The thyroid is an endocrine gland located in the neck, just below the larynx (Adam’s apple), responsible for the secretion of two hormones: thyroxine (T4) and triiodothyronine (T3). These hormones are responsible for regulating the metabolic rate, the rate of development of our cells, and other critical functions such as the heart, digestion, brain development, or mood. Since these hormones promote cell development, the natural cycle of our hair follicles also depends on the proper functioning of the thyroid. Read on to find out how thyroid hormones can affect our hair.
Hypothyroidism And Hair Loss
Hypothyroidism is a condition in which the thyroid does not make enough TH3 and TH4 hormones. Which also affects hair growth.
Symptoms of hypothyroidism are fatigue, weight gain, muscle pain and weakness, dry scaly skin, depression, and irregularities in the menstrual cycle. Since these symptoms are symptoms of other illnesses as well, they can be confused and therefore not treated in time.
Another symptom of hypothyroidism is hair loss and brittle hair.
The hormones produced by the thyroid play a role in the hair growth cycle and in its three stages: growth, rest, and loss. All hair follicles are not at the same stage of the cycle: most of them are in the growth phase, others in the resting phase. Thus, when the thyroid does not produce enough TH3 and TH4, more follicles are found in the resting phase, resulting in visible hair loss. However, this loss will manifest itself all over the scalp and not just a few areas.
Depending on the severity of hypothyroidism, hair loss can occur all over the body. One of the obvious signs is hair loss in the tail of the eyebrows. Thyroid disease-related hair loss may be more noticeable several months after the onset of the disease, due to the length of the hair cycle.
Hyperthyroidism And Hair Loss
Hyperthyroidism is a condition that describes an overactive thyroid, where the production of the hormones TH3 and TH4 is excessive. This causes a wide spectrum of symptoms such as nervousness, anxiety and irritability, weight loss, swelling of the neck, palpitations, and hair loss.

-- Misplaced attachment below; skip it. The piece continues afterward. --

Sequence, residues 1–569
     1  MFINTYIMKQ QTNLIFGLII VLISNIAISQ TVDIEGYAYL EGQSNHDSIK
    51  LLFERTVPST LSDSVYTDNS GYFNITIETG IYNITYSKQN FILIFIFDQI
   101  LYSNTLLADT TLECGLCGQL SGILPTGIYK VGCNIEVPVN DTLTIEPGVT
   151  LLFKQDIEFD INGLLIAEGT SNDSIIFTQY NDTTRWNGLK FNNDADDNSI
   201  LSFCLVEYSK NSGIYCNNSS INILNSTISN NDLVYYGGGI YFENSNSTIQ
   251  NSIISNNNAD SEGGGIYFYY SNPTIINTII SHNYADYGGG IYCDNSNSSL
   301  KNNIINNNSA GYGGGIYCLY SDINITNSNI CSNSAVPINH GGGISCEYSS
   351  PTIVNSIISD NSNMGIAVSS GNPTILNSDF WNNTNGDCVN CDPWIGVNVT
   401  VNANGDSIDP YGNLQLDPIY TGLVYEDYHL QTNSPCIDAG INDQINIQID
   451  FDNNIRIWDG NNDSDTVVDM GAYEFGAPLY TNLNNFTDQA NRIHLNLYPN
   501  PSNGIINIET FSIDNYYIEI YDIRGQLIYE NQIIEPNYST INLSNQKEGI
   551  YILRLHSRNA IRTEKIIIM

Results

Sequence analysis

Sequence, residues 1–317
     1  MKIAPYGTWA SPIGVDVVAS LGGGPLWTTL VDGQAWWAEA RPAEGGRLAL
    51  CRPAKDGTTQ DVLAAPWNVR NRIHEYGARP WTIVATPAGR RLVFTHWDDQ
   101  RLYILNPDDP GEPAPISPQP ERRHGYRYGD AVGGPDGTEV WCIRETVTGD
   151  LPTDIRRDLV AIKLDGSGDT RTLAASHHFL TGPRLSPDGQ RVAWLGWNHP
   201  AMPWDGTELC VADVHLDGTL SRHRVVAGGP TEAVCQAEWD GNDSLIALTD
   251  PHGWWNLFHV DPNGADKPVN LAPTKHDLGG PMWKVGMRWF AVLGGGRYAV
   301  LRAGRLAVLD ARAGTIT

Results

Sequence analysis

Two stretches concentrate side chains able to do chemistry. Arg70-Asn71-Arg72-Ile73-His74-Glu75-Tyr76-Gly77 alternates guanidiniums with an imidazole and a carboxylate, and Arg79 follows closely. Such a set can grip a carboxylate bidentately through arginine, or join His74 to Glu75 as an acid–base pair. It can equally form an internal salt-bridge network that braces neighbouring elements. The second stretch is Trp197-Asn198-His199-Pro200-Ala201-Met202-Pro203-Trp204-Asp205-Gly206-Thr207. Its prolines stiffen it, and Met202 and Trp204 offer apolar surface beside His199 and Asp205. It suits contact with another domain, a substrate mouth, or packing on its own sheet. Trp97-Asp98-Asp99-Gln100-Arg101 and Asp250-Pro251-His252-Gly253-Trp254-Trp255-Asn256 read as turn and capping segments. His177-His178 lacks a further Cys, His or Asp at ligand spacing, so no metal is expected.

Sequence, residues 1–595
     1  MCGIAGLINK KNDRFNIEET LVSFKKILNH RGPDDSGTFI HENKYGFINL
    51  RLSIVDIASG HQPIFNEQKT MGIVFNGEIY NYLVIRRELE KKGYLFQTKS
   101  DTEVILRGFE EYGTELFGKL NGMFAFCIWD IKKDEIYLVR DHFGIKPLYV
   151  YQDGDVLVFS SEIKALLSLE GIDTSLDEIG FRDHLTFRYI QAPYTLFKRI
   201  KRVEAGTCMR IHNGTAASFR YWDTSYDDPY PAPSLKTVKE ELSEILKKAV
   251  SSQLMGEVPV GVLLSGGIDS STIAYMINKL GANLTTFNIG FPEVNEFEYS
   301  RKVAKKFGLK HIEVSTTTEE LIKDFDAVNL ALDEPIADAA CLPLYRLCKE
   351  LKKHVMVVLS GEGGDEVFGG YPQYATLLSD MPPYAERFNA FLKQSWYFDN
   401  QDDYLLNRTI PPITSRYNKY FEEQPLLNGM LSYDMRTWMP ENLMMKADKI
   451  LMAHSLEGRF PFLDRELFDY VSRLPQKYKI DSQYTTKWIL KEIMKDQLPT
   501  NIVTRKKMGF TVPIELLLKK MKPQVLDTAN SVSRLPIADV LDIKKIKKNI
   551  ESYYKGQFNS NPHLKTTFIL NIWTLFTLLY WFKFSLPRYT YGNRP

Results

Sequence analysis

Unlike hair loss caused by hypothyroidism, when you have an overactive thyroid, your hair becomes thinner or falls out in clumps. Hair loss is not seen all over the body but usually in the head. The hair can also become very soft and thin.
The Link Between Thyroid Disease And Alopecia
It is common for people with hypothyroidism or hyperthyroidism to also have an autoimmune thyroid condition. This can make you more prone to the development of other autoimmune diseases such as alopecia Areata, a form of alopecia.
This disease occurs when the immune system attacks the hair follicles and results, not in fine hair and general hair loss, but in clumps of hair loss.
Is Hair Loss Caused By Thyroid Problems Reversible?
If you are concerned about hair loss, we recommend that you consult your doctor. They will help you take the necessary tests to determine the cause of the problem.
If the hair loss is related to a thyroid problem, the hair will eventually grow back in most cases, provided treatment is taken. However, it may take several months. We advise you, to better combat hair loss, to modify your diet with foods that are good for the hair, to find a hairstyle suitable for fine hair, and to avoid exerting pressure on your hair by styling it, braiding them, or using chemical treatments.
During this period, you can also use Nioxin anti-hair loss products, such as System 3D kits, designed to treat fine hair and scalp, thus providing the hair with greater resistance to breakage. The kits contain shampoo, conditioner, and scalp and hair care.